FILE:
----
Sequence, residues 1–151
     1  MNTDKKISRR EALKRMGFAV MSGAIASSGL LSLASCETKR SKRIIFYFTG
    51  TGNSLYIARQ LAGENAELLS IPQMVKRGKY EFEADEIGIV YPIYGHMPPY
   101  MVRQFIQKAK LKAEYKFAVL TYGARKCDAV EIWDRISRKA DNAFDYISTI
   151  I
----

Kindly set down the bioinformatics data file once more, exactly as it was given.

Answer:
Sequence, residues 1–151
     1  MNTDKKISRR EALKRMGFAV MSGAIASSGL LSLASCETKR SKRIIFYFTG
    51  TGNSLYIARQ LAGENAELLS IPQMVKRGKY EFEADEIGIV YPIYGHMPPY
   101  MVRQFIQKAK LKAEYKFAVL TYGARKCDAV EIWDRISRKA DNAFDYISTI
   151  I